What could be more sensible than to take a full lantern along for the evening’s procession? But five of the girls insist on taking along a can of kerosene. They have complicated their lives by preparing for some upside-down, completely unexpected ending that no reasonable winning person could possibly imagine. How foolish they look with a lantern in one hand and a can of kerosene in the other.
If Jesus was telling an allegory (where everything must have a higher meaning), then we would have to wrack our brains to figure out what the oil represented. Oil is often a type or symbol of the Holy Spirit. So do all 10 girls have the Holy Spirit, but five have worked harder to get a saving amount of Spirit-presence?
That would fit nicely with some pietistic teachings that distinguish justification by faith from salvation at a final judgment that assesses the quality and quantity of our good works or the quality and quantity of our passion. But, fortunately for us, this is a parable and not an allegory. So we don’t need to find a higher meaning for lamp oil. The oil is a MacGuffin.
Not by Works
The 10 girls arrive at their destination, awaiting the groom to kick off the party. But as the groom is delayed until midnight, the wedding party becomes a slumber party. Why then did the five silly girls miss the feast? It was not that five slept and five stayed awake: v. 5 says explicitly that they all slept and all had to be awakened by the midnight shout.xiii
It can’t be because the five wise girls had more good works than the five silly girls. They all wore their purity rings; they all dressed in their lime green poufy bridesmaid dresses; they all brought filled lamps. Jesus speaks these very same words of rejection in Matt. 7:21-23 to people offering him their very impressive good works (and crying out “Lord, lord”) at the final judgment:
21 “Not everyone who says to me, ‘Lord, Lord,’ will enter the kingdom of heaven, but the one who does the will of my Father who is in heaven. 22 On that day many will say to me, ‘Lord, Lord, did we not prophesy in your name, and cast out demons in your name, and do many mighty works in your name?’ 23 And then will I declare to them, ‘I never knew you; depart from me, you workers of lawlessness.’ xiv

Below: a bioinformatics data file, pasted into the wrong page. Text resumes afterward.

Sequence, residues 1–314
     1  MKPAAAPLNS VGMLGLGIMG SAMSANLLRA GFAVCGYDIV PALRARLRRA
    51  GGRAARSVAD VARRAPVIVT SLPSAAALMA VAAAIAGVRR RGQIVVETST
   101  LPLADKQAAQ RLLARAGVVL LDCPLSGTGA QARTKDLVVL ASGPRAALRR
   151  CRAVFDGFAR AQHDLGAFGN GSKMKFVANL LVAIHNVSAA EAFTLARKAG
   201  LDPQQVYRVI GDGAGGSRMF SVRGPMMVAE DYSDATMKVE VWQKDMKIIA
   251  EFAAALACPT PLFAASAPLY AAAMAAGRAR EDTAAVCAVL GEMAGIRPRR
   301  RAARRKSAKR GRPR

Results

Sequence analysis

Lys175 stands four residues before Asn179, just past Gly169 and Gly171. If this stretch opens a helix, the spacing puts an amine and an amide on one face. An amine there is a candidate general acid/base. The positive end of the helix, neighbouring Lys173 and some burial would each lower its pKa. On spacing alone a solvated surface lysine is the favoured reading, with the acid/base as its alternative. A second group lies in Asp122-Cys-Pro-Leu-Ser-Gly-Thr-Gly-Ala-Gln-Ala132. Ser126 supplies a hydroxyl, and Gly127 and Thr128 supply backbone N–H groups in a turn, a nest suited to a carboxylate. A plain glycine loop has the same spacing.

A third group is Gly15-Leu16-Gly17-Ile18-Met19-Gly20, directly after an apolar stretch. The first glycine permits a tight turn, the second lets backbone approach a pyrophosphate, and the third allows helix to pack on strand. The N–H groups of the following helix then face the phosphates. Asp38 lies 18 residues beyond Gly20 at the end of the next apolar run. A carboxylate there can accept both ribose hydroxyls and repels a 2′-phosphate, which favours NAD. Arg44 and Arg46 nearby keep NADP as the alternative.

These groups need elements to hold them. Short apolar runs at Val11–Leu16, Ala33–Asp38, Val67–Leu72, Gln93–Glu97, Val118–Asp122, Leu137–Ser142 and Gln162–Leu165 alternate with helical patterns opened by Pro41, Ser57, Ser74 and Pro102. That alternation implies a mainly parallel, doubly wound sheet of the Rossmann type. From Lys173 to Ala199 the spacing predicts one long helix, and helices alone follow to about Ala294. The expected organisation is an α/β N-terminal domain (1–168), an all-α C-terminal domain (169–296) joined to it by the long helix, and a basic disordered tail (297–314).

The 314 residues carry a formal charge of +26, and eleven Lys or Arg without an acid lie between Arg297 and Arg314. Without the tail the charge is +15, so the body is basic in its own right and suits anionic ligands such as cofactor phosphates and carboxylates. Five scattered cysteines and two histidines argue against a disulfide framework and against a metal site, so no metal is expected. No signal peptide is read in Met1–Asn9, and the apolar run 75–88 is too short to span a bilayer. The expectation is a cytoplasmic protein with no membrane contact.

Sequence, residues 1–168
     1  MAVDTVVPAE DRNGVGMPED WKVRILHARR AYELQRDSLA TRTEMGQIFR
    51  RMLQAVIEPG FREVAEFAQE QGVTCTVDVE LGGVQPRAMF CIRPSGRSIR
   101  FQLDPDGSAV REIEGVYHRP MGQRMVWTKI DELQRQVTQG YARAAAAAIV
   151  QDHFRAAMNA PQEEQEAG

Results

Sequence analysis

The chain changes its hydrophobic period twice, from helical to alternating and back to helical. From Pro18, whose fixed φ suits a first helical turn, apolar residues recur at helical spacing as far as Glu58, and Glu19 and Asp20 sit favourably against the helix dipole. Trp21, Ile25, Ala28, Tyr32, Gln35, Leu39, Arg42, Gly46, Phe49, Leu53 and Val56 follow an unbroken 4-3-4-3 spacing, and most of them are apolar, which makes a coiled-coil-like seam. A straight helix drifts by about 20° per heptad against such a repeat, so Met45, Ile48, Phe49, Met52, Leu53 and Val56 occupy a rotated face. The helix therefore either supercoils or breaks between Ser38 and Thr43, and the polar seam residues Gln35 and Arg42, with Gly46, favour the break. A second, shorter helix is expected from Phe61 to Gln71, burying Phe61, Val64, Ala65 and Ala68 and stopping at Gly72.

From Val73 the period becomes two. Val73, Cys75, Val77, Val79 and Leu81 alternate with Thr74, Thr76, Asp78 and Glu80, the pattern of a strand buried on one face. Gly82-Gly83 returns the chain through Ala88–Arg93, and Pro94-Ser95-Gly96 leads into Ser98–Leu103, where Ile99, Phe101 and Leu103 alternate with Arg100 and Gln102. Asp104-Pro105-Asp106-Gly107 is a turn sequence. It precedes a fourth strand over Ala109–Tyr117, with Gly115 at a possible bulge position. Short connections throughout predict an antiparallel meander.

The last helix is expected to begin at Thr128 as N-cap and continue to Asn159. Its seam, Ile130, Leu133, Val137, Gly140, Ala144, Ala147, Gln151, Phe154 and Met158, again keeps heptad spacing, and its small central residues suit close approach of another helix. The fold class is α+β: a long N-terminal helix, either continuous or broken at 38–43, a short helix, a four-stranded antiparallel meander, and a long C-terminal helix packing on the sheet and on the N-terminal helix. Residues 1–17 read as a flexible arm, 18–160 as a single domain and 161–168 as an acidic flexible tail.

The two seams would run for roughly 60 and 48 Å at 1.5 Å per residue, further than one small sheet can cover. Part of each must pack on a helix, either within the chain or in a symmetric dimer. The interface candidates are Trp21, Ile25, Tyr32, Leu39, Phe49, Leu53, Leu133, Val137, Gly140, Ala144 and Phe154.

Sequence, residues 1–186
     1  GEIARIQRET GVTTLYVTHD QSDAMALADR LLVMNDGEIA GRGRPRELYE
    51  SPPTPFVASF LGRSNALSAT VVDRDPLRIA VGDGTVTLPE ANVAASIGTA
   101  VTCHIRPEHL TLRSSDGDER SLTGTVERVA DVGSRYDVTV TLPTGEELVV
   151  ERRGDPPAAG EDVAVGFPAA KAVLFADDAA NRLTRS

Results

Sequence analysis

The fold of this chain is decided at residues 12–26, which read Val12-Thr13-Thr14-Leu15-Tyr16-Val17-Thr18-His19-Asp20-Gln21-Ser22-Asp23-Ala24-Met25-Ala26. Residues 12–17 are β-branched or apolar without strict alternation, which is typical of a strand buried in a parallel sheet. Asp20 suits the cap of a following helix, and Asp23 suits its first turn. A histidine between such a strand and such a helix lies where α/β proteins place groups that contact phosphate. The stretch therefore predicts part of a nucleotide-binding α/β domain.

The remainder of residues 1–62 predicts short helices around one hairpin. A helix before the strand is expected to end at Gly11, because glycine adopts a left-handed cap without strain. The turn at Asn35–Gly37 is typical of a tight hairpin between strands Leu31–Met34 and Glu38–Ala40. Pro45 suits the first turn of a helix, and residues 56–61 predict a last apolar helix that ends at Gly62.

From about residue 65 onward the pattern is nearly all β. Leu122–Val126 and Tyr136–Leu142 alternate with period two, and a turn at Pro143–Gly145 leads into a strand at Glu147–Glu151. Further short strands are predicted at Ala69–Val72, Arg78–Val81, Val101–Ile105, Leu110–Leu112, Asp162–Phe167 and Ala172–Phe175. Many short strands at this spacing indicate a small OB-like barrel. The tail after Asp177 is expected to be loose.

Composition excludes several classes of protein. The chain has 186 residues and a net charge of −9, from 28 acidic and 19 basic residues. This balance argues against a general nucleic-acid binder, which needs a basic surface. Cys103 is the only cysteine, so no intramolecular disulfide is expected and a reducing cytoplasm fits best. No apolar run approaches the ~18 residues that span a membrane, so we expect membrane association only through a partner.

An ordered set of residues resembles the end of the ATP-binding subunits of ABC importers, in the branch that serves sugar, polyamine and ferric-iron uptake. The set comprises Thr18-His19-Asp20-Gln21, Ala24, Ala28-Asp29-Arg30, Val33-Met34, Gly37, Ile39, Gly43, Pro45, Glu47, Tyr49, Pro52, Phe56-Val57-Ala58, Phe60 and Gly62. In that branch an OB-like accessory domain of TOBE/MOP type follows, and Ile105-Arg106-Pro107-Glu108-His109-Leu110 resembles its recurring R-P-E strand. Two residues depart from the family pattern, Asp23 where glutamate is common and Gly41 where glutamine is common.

The ones who enter the Party are the ones whom Jesus knows. Those who stand outside the closed door are those whom Jesus judges as unknown. Those whom Jesus knows are those who trust into Jesus. They alone have come to understand something of his left-handedness, his upside-downess – like showing up on his own schedule.
The five silly girls assume the Bridegroom works in perfectly right-handed ways. He will show up at a “reasonable” time and let everybody into his party. He grades on a curve. He wants everybody to be happy and have their best eternal life now. “What I want must be what God wants. How I do things must be how God does things. God judges the way I judge. He thinks the way I think.”
In the Parable of the Talents (25:14-30) that follows, the losing servant is the one who doesn’t know his master and assumes him to be ungracious. In the Sheep and Goats parable (25:31-46) it is again those who do not recognize God in the last, lost, least, and little who are cast out of the party – those who fail to see the upside downess, the left-handedness because they fail to trust Messiah as a left-handed “loser” of a Bridegroom who does things his own way.
Jesus says about the five silly girls and five savvy girls, “13 Watch therefore, for you know neither the day nor the hour.”xv But all 10 girls were asleep when the Bridegroom came. Not one of them is really “on watch” at midnight. Their watchfulness doesn’t save them. But the five savvy girls bring something to the party the five silly girls do not: they trust Messiah, so they are known by Messiah.